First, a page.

Crimson is a strong, red color, inclining to purple. It originally meant the color of the kermes dye produced from a scale insect, Kermes vermilio, but the name is now sometimes also used as a generic term for slightly bluish-red colors that are between red and rose.
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Crimson (NR4) is produced using the dried bodies of the kermes insect, which were gathered commercially in Mediterranean countries, where they live on the kermes oak, and sold throughout Europe. Kermes dyes have been found in burial wrappings in Anglo-Scandinavian York. They fell out of use with the introduction of cochineal, because although the dyes were comparable in quality and color intensity it needed ten to twelve times as much kermes to produce the same effect as cochineal.
Carmine is the name given to the dye made from the dried bodies of the female cochineal, although the name crimson is sometimes applied to these dyes too. Cochineal appears to have been brought to Europe during the conquest of Mexico by the Spaniard Hernán Cortés, and the name 'carmine' is derived from the French carmin. It was first described by Mathioli in 1549. The pigment is also called cochineal after the insect from which it is made.
Alizarin (PR83) is a pigment that was first synthesized in 1868 by the German chemists Carl Gräbe and Carl Liebermann and replaced the natural pigment madder lake. Alizarin crimson is a dye bonded onto alum which is then used as a pigment and mixed with ochre, sienna and umber. It is not totally colorfast.
The word crimson has been recorded in English since 1400, and its earlier forms include cremesin, crymysyn and cramoysin (cf. cramoisy, a crimson cloth). These were adapted via Old Spanish from the Medieval Latin cremesinus (also kermesinus or carmesinus), the dye produced from Kermes scale insects, and can be traced back to Arabic qermez ("red"), also borrowed in Turkish kırmızı and many other languages, e.g. German Karmesin, Italian cremisi, French cramoisi, Portuguese carmesim, etc. (via Latin). The ultimate source may be Sanskrit कृमिज kṛmi-jā meaning "worm-made".
A shortened form of carmesinus also gave the Latin carminus, from which comes carmine.
Carmine dyes, which give crimson and related red and purple colors, are based on an aluminium and calcium salt of carminic acid. Carmine lake is an aluminium or aluminium-tin lake of cochineal extract, and crimson lake is prepared by striking down an infusion of cochineal with a 5 percent solution of alum and cream of tartar. Purple lake is prepared like carmine lake with the addition of lime to produce the deep purple tone. Carmine dyes tend to fade quickly.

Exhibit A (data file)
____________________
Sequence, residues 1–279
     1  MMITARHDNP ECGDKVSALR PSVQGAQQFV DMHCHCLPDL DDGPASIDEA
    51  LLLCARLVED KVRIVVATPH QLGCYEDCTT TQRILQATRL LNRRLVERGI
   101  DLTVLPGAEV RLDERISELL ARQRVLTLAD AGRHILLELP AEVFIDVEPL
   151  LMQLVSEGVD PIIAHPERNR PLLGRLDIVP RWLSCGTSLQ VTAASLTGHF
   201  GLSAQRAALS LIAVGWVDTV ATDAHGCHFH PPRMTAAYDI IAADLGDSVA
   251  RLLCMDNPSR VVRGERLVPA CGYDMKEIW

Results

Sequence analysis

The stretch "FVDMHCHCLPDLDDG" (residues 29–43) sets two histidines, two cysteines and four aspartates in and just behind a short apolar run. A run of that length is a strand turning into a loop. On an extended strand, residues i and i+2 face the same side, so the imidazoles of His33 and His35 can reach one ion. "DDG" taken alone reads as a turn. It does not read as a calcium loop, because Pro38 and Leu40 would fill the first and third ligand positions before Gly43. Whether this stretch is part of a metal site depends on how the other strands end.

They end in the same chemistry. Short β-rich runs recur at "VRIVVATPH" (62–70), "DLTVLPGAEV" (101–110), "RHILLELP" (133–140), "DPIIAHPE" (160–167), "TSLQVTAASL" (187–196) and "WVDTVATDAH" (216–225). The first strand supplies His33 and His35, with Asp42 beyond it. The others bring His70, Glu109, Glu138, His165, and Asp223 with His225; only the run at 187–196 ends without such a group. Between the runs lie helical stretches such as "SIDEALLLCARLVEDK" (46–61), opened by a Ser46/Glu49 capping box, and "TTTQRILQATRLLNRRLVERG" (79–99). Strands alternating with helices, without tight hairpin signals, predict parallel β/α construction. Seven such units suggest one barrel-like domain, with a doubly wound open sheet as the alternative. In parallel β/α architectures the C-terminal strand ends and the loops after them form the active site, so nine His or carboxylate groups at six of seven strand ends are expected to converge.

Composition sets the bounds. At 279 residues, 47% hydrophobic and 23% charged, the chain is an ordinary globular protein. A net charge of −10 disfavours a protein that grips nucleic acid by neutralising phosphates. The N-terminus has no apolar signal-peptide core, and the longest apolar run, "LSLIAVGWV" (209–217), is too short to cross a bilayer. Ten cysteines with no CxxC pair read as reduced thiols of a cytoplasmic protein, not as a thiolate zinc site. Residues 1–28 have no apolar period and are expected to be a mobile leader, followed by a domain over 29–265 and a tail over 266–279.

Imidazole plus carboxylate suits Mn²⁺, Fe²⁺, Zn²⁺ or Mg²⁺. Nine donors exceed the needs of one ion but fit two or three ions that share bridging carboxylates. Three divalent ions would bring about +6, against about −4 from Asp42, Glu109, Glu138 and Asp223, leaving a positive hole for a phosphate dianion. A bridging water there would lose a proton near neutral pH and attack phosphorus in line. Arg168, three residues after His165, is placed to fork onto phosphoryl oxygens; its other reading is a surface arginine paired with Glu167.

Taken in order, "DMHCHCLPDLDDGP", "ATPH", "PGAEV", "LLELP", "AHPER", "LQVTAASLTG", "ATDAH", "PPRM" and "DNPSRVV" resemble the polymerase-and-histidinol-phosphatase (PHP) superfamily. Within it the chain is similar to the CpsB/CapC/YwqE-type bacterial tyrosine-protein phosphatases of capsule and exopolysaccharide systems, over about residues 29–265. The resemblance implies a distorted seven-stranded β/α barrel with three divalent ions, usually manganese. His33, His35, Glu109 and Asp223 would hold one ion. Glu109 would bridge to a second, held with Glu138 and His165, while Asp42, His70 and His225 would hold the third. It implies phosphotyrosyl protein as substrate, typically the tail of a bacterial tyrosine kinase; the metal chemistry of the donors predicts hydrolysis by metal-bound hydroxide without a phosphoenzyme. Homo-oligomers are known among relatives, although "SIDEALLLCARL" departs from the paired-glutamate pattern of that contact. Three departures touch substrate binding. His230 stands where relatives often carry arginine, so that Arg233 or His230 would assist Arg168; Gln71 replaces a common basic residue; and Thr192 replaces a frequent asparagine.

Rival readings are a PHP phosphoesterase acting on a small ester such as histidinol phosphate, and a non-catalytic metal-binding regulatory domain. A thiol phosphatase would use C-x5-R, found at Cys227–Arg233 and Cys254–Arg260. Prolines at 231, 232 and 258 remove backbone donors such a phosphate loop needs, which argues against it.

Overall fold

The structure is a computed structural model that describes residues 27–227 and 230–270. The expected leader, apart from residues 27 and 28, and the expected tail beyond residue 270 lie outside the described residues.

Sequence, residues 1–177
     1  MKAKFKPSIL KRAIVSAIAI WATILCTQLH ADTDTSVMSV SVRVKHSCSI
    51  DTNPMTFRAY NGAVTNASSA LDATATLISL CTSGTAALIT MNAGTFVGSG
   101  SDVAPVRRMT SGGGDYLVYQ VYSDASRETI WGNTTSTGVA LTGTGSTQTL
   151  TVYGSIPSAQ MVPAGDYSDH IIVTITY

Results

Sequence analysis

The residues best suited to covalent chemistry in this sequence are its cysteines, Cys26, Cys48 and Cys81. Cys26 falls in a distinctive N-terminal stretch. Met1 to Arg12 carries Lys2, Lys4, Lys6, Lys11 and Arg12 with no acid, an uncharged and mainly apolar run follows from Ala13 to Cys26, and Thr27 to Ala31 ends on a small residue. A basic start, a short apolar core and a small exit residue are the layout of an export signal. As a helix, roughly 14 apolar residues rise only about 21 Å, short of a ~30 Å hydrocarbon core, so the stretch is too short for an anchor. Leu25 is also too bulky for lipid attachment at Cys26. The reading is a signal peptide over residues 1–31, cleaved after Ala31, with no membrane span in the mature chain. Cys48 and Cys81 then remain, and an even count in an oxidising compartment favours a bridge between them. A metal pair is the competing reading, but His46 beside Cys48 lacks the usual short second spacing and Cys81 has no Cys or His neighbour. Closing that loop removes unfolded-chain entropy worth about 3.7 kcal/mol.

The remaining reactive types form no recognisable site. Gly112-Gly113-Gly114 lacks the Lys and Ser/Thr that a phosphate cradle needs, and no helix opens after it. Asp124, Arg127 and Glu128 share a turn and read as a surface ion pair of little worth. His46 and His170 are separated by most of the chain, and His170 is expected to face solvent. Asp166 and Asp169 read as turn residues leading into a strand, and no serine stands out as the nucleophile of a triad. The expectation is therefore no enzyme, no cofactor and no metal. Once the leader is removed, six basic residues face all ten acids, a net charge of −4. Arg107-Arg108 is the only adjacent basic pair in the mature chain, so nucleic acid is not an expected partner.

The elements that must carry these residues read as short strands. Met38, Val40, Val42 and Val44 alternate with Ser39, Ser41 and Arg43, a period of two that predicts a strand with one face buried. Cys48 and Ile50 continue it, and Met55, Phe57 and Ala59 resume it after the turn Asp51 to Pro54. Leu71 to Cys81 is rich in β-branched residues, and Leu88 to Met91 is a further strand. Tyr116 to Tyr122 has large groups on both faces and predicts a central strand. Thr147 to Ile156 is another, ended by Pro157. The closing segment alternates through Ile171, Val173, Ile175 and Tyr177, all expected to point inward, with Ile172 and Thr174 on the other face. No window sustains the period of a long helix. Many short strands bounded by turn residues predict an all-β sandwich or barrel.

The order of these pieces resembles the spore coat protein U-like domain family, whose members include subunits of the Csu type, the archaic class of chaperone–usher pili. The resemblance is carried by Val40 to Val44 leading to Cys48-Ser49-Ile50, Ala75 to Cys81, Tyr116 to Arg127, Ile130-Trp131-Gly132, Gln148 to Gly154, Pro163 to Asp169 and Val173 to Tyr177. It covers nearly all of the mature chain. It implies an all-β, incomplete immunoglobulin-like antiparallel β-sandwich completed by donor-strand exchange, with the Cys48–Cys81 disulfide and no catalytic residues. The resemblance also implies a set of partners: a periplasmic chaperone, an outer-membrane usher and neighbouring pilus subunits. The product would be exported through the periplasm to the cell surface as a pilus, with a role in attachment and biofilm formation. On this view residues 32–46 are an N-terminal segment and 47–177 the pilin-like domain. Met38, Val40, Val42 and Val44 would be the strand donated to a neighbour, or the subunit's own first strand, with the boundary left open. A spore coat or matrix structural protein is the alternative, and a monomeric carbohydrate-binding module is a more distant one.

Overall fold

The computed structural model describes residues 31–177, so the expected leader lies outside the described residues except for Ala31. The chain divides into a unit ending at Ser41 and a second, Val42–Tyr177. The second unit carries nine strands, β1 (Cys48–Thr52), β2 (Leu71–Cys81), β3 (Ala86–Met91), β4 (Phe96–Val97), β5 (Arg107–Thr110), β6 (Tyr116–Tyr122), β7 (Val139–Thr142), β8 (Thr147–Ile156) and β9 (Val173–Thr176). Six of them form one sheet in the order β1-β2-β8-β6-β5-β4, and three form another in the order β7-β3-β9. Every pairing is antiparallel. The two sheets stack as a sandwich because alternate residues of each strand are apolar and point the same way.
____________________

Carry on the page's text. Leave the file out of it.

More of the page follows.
Carmine dyes were once widely prized in both the Americas and in Europe. They were used in paints by Michelangelo and for the crimson fabrics of the Hussars, the Turks, the British Redcoats, and the Royal Canadian Mounted Police.
Nowadays carmine dyes are used for coloring foodstuffs, medicines and cosmetics. As a food additive in the European Union, carmine dyes are designated E120, and are also called cochineal and Natural Red 4. Carmine dyes are also used in some oil paints and watercolors used by artists.
- The crimson tide which sometimes occurs on beaches is caused by a type of algae known as Karenia brevis.
- The crimson sunbird is the national bird of Singapore
- In George R.R. Martin's series A Song Of Ice and Fire, crimson is the family color of House Lannister
‘’Crimson and Clover’’ 1968
- In Polish, karmazyn (crimson) is a synonym for a magnate, i.e., a member of the rich, high nobility as only they may wear robing dyed from the scale insect.
- The Danish hussar regiment's ceremonial uniform for enlisted, have a crimson pelisse.
- A regiment of the British Army, The King's Royal Hussars still wears crimson trousers as successors to the 11th Hussars (the "Cherrypickers")
- In the United States Army, crimson is the color of the Ordnance Corps.
- Multiple Greek letter organizations use crimson as one of their official colors: Delta Sigma Theta (ΔΣΘ), Kappa Alpha Psi (ΚΑΨ), and Kappa Alpha Order (ΚΑ).
- Crimson is the school color of several universities, including: Harvard University, University of Kansas, Indiana University, Korea University, New Mexico State University, Saint Joseph's University, Tuskegee University, University of Alabama, University of Belgrano, University of Denver, University of Mississippi, University of Nebraska at Omaha, University of Oklahoma, University of Utah, Washington State University, and Worcester Polytechnic Institute
- The daily newspaper at Harvard is The Harvard Crimson
- The daily newspaper at Alabama is called The Crimson White
- Harvard's athletic teams are the Crimson, and those of the University of Alabama are the Crimson Tide
- This article incorporates text from a publication now in the public domain: Chisholm, Hugh, ed. (1911). "Crimson". Encyclopædia Britannica (11th ed.). Cambridge University Press.
- Etymology OnLine
- W3C CSS3 Color Module
- Naturenet article with images and description of Kermes vermilio and its foodplant
- The first recorded use of crimson as a color name in English was in 1400 according to the following book: Maerz and Paul A Dictionary of Color New York:1930--McGraw Hill Page 193; Color Sample of Crimson: Page 31 Plate 4 Color Sample K6
- "American Heritage Dictionary", s.v. Kermes; also Kluge, "Etymologisches Wörterbuch der deutschen Sprache", s.v. Karmesin, et al.
- Taherzadeh, Adib (1992). The Covenant of Bahá'u'lláh. Oxford, UK: George Ronald. p. 162. ISBN 0-85398-344-5.
- Rhubarb —the crimson stalks--rhubarb recipes:
- Rhubarb plants—the crimson stalks:
- Flag of Nepal-2nd line
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